Let us consider the vector $\vec{b}_1$. Eq. \eqref{eq:orthogonalityCondition} provides three conditions for this vector. Two of them can be combined as follows: \begin{align} \vec{b}_1 \cdot \vec{a}_2 = \vec{b}_1 \cdot \vec{a}_3 = 0 \\ \Rightarrow \quad \vec{b}_1 = c \cdot \vec{a}_2 \times \vec{a}_3 \label{eq:b1pre} \end{align} Here $c$ is some constant that must be further specified. Therefore we multiply eq. \eqref{eq:b1pre} by the vector $\vec{a}_1$ and apply the remaining condition $ \vec{b}_1 \cdot \vec{a}_1 = 2 \pi $: \begin{align} \vec{a}_1 \cdot \vec{b}_1 = c \cdot \vec{a}_1 \cdot \left( \vec{a}_2 \times \vec{a}_3 \right) = 2 \pi \end{align} \begin{align} \Leftrightarrow \quad c = \frac{2\pi}{\vec{a}_1 \cdot \left( \vec{a}_2 \times \vec{a}_3 \right)} \end{align} Here ${V:=\vec{a}_1 \cdot \left( \vec{a}_2 \times \vec{a}_3 \right)}$ is the volume of the parallelepiped spanned by the three primitive translation vectors {$\vec{a}_i$} of the original Bravais lattice. It remains invariant under cyclic permutations of the indices.

The same can be done for the vectors $\vec{b}_2$ and $\vec{b}_3$ and one obtains \begin{align} \vec{b}_1 = 2 \pi \cdot \frac{\vec{a}_2 \times \vec{a}_3}{V} \label{eq:b1} \\ \vec{b}_2 = 2 \pi \cdot \frac{\vec{a}_3 \times \vec{a}_1}{V} \label{eq:b2} \\ \vec{b}_3 = 2 \pi \cdot \frac{\vec{a}_1 \times \vec{a}_2}{V} \label{eq:b3} \end{align} with ${V = \vec{a}_1 \cdot \left( \vec{a}_2 \times \vec{a}_3 \right)}$ as introduced above.[7] [8]

General Properties

The main features of the reciprocal lattice are:

[9] [10] [11]

Example: Reciprocal Lattice of the fcc Structure

Now we will exemplarily construct the reciprocal-lattice of the fcc structure. As a starting point we need to find three primitive translation vectors $\vec{a}_i$ such that every lattice point of the fcc Bravais lattice can be represented as an integer linear combination of these. One may be tempted to use the vectors which point along the edges of the conventional (cubic) unit cell but they are not primitive translation vectors. Those reach only the lattice points at the vertices of the cubic structure but not the ones at the faces.

Instead we can choose the vectors which span a primitive unit cell such as \begin{align} \vec{a}_1 &= \frac{a}{2} \cdot \left( \hat{y} + \hat {z} \right) \\ \vec{a}_2 &= \frac{a}{2} \cdot \left( \hat{x} + \hat {z} \right) \\ \vec{a}_3 &= \frac{a}{2} \cdot \left( \hat{x} + \hat {y} \right) . \end{align} Here $\hat{x}$, $\hat{y}$ and $\hat{z}$ denote the unit vectors in $x$-, $y$-, and $z$ direction. If the origin of the coordinate system is chosen to be at one of the vertices, these vectors point to the lattice points at the neighboured faces.

The reciprocal lattice of the fcc lattice is a bcc structure which can be obtained from applying the transformation laws to the primitive translation vectors.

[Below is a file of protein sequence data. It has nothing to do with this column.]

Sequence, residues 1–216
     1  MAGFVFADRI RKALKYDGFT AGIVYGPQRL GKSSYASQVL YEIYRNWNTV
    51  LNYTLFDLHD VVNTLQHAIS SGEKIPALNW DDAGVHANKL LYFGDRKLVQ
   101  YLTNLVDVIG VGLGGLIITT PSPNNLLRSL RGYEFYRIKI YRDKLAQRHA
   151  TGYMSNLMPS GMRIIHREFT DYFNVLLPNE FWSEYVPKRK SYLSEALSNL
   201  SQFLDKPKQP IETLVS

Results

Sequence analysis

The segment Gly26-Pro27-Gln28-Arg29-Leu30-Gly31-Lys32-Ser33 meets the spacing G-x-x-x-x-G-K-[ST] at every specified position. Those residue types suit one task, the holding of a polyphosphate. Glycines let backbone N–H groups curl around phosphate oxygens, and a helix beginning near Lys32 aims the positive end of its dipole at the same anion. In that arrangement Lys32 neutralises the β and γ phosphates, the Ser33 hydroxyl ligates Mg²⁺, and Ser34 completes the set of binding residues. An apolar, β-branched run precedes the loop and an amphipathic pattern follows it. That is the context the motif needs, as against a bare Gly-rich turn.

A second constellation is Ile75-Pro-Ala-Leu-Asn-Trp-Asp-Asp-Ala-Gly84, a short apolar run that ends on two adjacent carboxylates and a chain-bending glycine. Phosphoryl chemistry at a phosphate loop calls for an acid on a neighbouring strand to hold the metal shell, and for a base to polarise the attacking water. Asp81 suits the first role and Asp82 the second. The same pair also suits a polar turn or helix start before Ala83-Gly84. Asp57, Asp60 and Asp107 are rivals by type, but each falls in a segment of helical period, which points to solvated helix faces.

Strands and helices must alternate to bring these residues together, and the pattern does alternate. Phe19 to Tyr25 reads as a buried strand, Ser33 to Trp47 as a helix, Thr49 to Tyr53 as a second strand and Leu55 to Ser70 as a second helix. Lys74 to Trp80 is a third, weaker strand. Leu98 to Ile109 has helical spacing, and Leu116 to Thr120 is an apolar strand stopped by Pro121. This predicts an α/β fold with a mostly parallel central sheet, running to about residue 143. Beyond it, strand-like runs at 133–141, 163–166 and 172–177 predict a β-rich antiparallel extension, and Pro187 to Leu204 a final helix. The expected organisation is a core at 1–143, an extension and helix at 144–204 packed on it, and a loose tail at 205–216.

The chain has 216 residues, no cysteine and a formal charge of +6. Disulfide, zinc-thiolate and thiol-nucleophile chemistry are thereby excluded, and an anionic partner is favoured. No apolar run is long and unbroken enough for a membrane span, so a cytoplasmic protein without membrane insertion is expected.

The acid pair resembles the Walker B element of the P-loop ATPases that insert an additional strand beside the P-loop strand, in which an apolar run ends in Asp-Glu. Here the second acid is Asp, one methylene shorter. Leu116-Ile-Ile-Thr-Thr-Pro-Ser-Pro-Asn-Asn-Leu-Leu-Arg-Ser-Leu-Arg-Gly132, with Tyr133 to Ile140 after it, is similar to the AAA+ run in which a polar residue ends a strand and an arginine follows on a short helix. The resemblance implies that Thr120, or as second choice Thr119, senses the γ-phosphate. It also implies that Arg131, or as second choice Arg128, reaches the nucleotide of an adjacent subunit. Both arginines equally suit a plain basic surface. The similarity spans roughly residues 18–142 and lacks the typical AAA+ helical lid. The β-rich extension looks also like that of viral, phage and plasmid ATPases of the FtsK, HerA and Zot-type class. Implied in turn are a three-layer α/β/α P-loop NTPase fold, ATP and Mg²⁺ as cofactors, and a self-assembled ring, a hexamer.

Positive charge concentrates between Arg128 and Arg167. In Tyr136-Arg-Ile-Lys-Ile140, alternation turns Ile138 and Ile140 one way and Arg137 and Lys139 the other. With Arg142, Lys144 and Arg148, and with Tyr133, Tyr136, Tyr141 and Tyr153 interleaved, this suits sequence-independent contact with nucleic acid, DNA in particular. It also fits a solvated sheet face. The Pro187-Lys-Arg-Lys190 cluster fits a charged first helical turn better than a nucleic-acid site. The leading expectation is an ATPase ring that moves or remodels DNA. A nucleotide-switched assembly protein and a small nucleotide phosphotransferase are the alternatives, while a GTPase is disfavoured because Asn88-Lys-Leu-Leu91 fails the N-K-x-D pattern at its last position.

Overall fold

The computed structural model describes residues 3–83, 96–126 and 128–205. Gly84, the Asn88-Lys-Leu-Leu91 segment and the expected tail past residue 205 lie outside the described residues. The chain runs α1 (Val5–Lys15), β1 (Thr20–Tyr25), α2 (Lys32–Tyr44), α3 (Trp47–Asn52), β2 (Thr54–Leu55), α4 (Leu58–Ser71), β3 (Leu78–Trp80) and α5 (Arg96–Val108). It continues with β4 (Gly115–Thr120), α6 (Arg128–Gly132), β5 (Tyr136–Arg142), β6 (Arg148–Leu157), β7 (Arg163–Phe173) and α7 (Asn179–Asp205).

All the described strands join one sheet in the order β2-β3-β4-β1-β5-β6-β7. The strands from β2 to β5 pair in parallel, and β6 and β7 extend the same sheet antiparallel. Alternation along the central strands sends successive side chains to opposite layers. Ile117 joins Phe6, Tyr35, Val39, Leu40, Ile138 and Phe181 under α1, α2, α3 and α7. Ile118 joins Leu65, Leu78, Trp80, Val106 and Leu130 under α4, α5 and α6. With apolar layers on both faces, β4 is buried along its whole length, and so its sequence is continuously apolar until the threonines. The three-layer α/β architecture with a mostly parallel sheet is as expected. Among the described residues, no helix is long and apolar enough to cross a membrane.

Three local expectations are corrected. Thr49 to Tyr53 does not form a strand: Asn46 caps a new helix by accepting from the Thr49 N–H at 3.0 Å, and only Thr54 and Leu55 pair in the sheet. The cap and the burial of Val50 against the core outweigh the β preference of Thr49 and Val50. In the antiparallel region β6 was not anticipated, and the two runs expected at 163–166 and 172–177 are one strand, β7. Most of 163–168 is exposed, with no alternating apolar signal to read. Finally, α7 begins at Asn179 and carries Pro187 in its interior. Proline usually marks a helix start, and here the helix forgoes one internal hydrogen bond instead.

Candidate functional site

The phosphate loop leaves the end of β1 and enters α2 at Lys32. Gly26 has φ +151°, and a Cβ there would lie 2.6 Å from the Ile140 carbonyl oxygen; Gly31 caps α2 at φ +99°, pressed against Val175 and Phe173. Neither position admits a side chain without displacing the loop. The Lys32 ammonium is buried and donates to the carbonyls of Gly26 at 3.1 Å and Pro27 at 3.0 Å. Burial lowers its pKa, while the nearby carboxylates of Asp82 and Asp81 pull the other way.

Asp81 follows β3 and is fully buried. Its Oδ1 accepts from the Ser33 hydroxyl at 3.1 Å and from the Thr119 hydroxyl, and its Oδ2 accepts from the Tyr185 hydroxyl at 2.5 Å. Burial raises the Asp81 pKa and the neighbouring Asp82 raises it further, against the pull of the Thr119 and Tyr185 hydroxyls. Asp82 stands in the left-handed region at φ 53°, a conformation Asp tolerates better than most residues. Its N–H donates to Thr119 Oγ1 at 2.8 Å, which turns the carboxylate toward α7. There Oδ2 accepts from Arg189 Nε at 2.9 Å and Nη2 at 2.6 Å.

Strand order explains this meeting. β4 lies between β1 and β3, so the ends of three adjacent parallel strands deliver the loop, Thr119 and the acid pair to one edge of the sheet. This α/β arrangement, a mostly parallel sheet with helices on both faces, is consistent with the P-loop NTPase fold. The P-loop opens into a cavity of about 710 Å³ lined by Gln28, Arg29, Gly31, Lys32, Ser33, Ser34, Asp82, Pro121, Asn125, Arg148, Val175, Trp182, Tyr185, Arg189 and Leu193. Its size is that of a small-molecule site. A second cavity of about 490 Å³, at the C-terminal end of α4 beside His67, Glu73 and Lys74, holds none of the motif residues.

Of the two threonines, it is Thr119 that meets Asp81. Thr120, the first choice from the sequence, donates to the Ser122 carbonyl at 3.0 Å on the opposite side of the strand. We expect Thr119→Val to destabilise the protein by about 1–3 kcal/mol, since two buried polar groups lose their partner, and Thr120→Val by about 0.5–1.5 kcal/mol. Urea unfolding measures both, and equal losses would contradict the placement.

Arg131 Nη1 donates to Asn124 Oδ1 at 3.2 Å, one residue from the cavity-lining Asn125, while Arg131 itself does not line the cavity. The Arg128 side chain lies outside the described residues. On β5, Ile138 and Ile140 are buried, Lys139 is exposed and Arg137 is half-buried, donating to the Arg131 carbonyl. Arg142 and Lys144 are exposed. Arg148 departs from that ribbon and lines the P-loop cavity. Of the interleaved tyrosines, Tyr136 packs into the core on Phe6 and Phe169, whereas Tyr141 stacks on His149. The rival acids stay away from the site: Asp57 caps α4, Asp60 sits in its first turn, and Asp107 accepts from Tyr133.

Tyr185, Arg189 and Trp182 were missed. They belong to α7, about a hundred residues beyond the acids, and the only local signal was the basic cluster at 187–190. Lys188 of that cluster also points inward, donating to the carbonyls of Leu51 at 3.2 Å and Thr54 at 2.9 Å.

The reciprocal lattice of a fcc lattice with edge length $a$ can be obtained by applying eqs. \eqref{eq:b1} - \eqref{eq:b3} to the primitive translation vectors of the fcc lattice. This procedure provides three new primitive translation vectors which turn out to be the basis of a bcc lattice with edge length $\frac{4\pi}{a}$.

Now we apply eqs. \eqref{eq:b1} - \eqref{eq:b3} and obtain: \begin{align} \vec{b}_1 &= \frac{8 \pi}{a^3} \cdot \vec{a}_2 \times \vec{a}_3 = \frac{4\pi}{a} \cdot \left( - \frac{\hat{x}}{2} + \frac{\hat{y}}{2} + \frac{\hat{z}}{2} \right) \\ \vec{b}_2 &= \frac{8 \pi}{a^3} \cdot \vec{a}_3 \times \vec{a}_1 = \frac{4\pi}{a} \cdot \left( \frac{\hat{x}}{2} - \frac{\hat{y}}{2} + \frac{\hat{z}}{2} \right) \\ \vec{b}_3 &= \frac{8 \pi}{a^3} \cdot \vec{a}_1 \times \vec{a}_2 = \frac{4\pi}{a} \cdot \left( \frac{\hat{x}}{2} + \frac{\hat{y}}{2} - \frac{\hat{z}}{2} \right) \end{align} which turn out to be primitive translation vectors of the fcc structure. Thus, the reciprocal lattice of a fcc lattice with edge length $a$ is a bcc lattice with edge length $\frac{4\pi}{a}$.[12] [13] Accordingly, the reciprocal-lattice of a bcc lattice is a fcc lattice.[14]

References

[1] N. W. Ashcroft, N. D. Mermin Festkörperphysik Oldenbourg 2001 (p. 108)
[2] R. Gross, A. Marx Festkörperphysik De Gruyter 2014 (ch. 2.1.1)
[3] E. N. Economou The Physics of Solids Springer 2010 (p. 74)
[4] S. Hunklinger Festkörperphysik De Gruyter 2014 (ch. 4.3.1)
[5] N. W. Ashcroft, N. D. Mermin Festkörperphysik Oldenbourg 2001 (pp. 109-110)
[6] R. Gross, A. Marx Festkörperphysik De Gruyter 2014 (ch. 2.1.3)
[7] E. N. Economou The Physics of Solids Springer 2010 (p. 74)
[8] S. Hunklinger Festkörperphysik De Gruyter 2014 (ch. 4.3.1)
[9] N. W. Ashcroft, N. D. Mermin Festkörperphysik Oldenbourg 2001 (ch. 5)
[10] R. Gross, A. Marx Festkörperphysik De Gruyter 2014 (p. 59)
[11] E. N. Economou The Physics of Solids Springer 2010 (p. 74)
[12] N. W. Ashcroft, N. D. Mermin Festkörperphysik Oldenbourg 2001 (p. 111)
[13] R. Gross, A. Marx Festkörperphysik De Gruyter 2014 (p. 60)
[14] E. N. Economou The Physics of Solids Springer 2010 (p. 75)